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Top GOP senator 'will filibuster' any Democratic attempt to decrease funding for Bush's new Iraq plan

Published: Thursday January 11, 2007
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A top GOP senator said that he "will filibuster" any Democratic attempt to decrease funding for President Bush's new Iraq plan, the Associated Press reports.

"At a news conference, McConnell accused Democrats of secretly favoring a plan to cut off funding for the troops - an allegation that Reid and House Speaker Nancy Pelosi, D-Calif. denied," AP reports.

"The fundamental decision to stay on offence and to finish the job, I think is correct, and we believe the president is heading in the right direction and tend to support him," Kentucky Senator Mitch McConnell said before Bush's speech last night.

McConnell also talked to some right-leaning bloggers earlier this morning to earn their support for his potential filibuster, telling them on a conference call with other journalists that he expects Independent Connecticut Senator Joe Lieberman to also join in with the Republicans.

"Senate Minority Leader McConnell held a call with a few bloggers and journalists this morning," according to the Power Line blog. "He supports the president's plan for a surge, which he views as 'courageous and correct.'"

"McConnell said he was 'hopeful' of keeping enough Republicans to muster the 40 votes needed to block a resolution (which in any case would be non-binding)," Paul Mirengoff blogs at Power Line. "McConnell added that he looks forward to the support of Sen. Lieberman. However, he could not say that any other Democrats will join the Connecticut Senator."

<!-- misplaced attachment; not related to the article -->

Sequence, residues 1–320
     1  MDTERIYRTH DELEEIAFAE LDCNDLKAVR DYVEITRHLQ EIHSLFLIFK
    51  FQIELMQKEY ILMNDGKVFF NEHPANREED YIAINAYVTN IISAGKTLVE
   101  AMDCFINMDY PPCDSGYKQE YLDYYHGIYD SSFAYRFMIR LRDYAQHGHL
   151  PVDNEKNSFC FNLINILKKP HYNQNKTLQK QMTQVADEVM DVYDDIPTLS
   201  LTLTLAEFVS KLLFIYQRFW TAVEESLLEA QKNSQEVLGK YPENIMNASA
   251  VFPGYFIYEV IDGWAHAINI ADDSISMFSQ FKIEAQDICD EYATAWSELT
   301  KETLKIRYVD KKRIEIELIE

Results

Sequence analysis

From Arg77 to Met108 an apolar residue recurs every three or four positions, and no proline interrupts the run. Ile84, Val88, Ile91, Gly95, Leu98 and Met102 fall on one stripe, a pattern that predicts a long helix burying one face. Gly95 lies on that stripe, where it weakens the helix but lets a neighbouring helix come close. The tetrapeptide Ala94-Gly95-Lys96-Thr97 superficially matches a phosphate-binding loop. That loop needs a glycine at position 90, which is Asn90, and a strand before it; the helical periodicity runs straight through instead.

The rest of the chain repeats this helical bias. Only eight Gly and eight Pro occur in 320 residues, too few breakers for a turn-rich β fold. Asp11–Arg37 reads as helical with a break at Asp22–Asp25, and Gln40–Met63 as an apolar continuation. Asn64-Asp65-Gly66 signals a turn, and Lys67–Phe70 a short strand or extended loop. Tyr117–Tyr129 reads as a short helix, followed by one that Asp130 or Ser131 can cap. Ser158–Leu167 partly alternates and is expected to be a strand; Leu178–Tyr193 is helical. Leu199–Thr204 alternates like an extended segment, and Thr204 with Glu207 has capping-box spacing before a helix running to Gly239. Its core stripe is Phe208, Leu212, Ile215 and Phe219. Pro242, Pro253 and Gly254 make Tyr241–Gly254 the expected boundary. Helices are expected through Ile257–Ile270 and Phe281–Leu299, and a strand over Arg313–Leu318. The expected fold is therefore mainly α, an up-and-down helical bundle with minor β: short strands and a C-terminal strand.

Excerpts from AP article:


President Bush's decision to deploy more than 20,000 additional troops to Iraq drew fierce opposition Thursday from congressional Democrats, but the Senate's top Republican threatened a filibuster to block any legislation expressing disapproval of the plan.

"Obviously, it will ... require 60 votes," said Sen. Mitch McConnell, R-Ky., as senior administration officials made the case for Bush's new policy in Congress, at news briefings and the morning television programs.


McConnell conceded that Republicans as well as Democrats are troubled by Bush's new policy, but said, "Congress is completely incapable of dictating the tactics of the war."

Reid has said he will schedule a vote on a nonbinding bill expressing disapproval of Bush's new policy, but McConnell's filibuster threat indicated that he would not be rushed into the vote. Under the Senate's rules, 60 votes are required to cut off debate on an issue, and even the threat of a filibuster can force concessions by the majority.